• loiswood's Avatar

    loiswood shared an experience

    Loss (Lost loved one): My husband was diagnosed with esophageal cancer in 2013. He went through chemotherapy and radiation at which point the cancer was gone. We met with a thoracic surgeon who told us he could choose to not have surgery or have it. If not he would face the possibility of it recurring. The surgery was 12 hours and he was hospitalized for 4 and a half months with complications. Chest drains, enormous pain a feeding tube. After leaving the hospital he gradually got better, returned to playing golf and his normal activities. In June of 2015 his vocal chord became paralyzed for never diagnosed reasons. He lost weight and so needed a feeding tube again and a tracheostomy. From then until April 22 of this year he got weaker and weaker, could not eat or drink and was in horrible chronic pain from the massive surgery. The cancer had returned and nothing could be done. He passed away on April 22nd. I write all this to say that anyone who is considering this surgery should seek a second opinion and think very carefully about having it. It took a huge amount of time away from us and my husband's quality of life was destroyed. The surgery is not a cure and the cancer will come back. I feel now that he suffered horribly for nothing and would not make the same choice again. Cancer treatment is, at best, a crap shoot based on guess work. It's a monster that will steal your life and take away everything from you.

    6 Comments
    • judyinflorida's Avatar
      judyinflorida

      So sorry for your loss and for your terrible experience. I am presently a hospice patient, having decided not to pursue any more treatment that would be palliative, at best. This gives me time to get my ducks in a row, without suffering needlessly. But, everyone has to choose their own path. There is no one size fits all. You made the best decision you could at the time. It sounds like he did have some good time after the surgery, even though it was short. I don't understand why he was in so much pain when there are alternatives that might shorten his life, but make it pain free. Hold your memories close and remember the good times you shared until you meet again.

      over 3 years ago
    • Nanchie's Avatar
      Nanchie

      I am a few months post surgery and this post has really scared me .My surgeon is hopeful my cancer is cured but you say it is not a cure and that it comes back. My hope for the future has diminished as you have experienced it with your husband and know what happens. I am hoping that not all cases are the same about surgery not being a cure and that I have some future to hope for . I am sorry for your loss .

      over 3 years ago
    • BoiseB's Avatar
      BoiseB

      Nanchie. A famous statesman once said "The only thing we need to fear is fear itself" I believe that was FDR. Now I feared cancer from the time I was 10 years old. That didn't prevent me from getting two cancers and two very aggressive cancers. I have beat EC twice and also a very aggressive uterine cancer. Fear should make us vigilant not panicky. Life is a krap shoot. You need to live as healthy as you know how and you need to spend time and energy learning about healthy living. (You also have to look both ways when crossing the street :) Billy, a WhatNexter, is I believe a 15 year survivor of EC and I believe he just celebrated his 79th birthday. One thing is for certain if we give up then our worst fears will be realized.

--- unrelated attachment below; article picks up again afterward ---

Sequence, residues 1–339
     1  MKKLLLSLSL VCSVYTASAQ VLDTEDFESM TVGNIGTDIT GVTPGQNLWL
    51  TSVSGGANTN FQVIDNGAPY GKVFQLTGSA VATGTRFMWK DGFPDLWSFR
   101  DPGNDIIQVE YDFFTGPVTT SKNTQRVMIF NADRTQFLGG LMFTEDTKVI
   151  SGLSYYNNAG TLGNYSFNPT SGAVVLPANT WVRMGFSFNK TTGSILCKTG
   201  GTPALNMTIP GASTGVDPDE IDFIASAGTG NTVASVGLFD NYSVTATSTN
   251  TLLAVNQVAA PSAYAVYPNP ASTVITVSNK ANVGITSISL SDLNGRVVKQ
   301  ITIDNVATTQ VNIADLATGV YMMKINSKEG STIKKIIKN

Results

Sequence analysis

over 3 years ago
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    loiswood asked a questionEsophagus (Esophageal) Cancer

    Post Operative Keloid Scarring

    • TXHills' Avatar
      TXHills

      I had some unexpected scarring where my port was, after it was taken out. Have the docs suggested any gentle stretches he might do, to help break up the scar tissue? I did stretches a few times a day for months, and still do, even years later, when my surgical area feels tight. They reallly helped my discomfort and in keeping my range of montion. The nervew can take a few months to heal, also. My surgeon suggested I get Vitamin E capsules, and pierce one with a pin, then rub that oil on my port scar. It did seem to make it less red and noticeable. I hope this gets better for him!

      almost 5 years ago
    • loiswood's Avatar
      loiswood

      TXHills...thanks for your response. We will try that. We appreciate your help. Take care and be well.

      almost 5 years ago
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    loiswood asked a questionEsophagus (Esophageal) Cancer

    Pain management

    9 answers
    • Jenvivace's Avatar
      Jenvivace

      Sorry he has still ongoing pain. I can only imagine compared to how long I had pain from my drain sites for only having them in five days... It must be that much worse for him having had them so long! I had a feeding tube for 5 months prior to surgery and then six weeks after. I am glad eating is going better for him. Hopefully the complications are behind you and things will continue to get better. It was about six months til I felt 80_85% back to myself, but I still have things I have to work around energy wise and eating. It is a slow recovery even without complications.

      about 5 years ago
    • BoiseB's Avatar
      BoiseB

      I too am on gabapentin (800 mg). It is for tremors and spams not caused by cancer but nerve and damage to my back due to whole different aliment. But I have no side effects from it. I was given gabapentin for the same symptoms your husband says are side effects dizziness and muscle pain.

      about 5 years ago
    • loiswood's Avatar
      loiswood

      Thank you all for your responses. I appreciate it and wish everyone well.

      about 5 years ago
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    Question: Pain management

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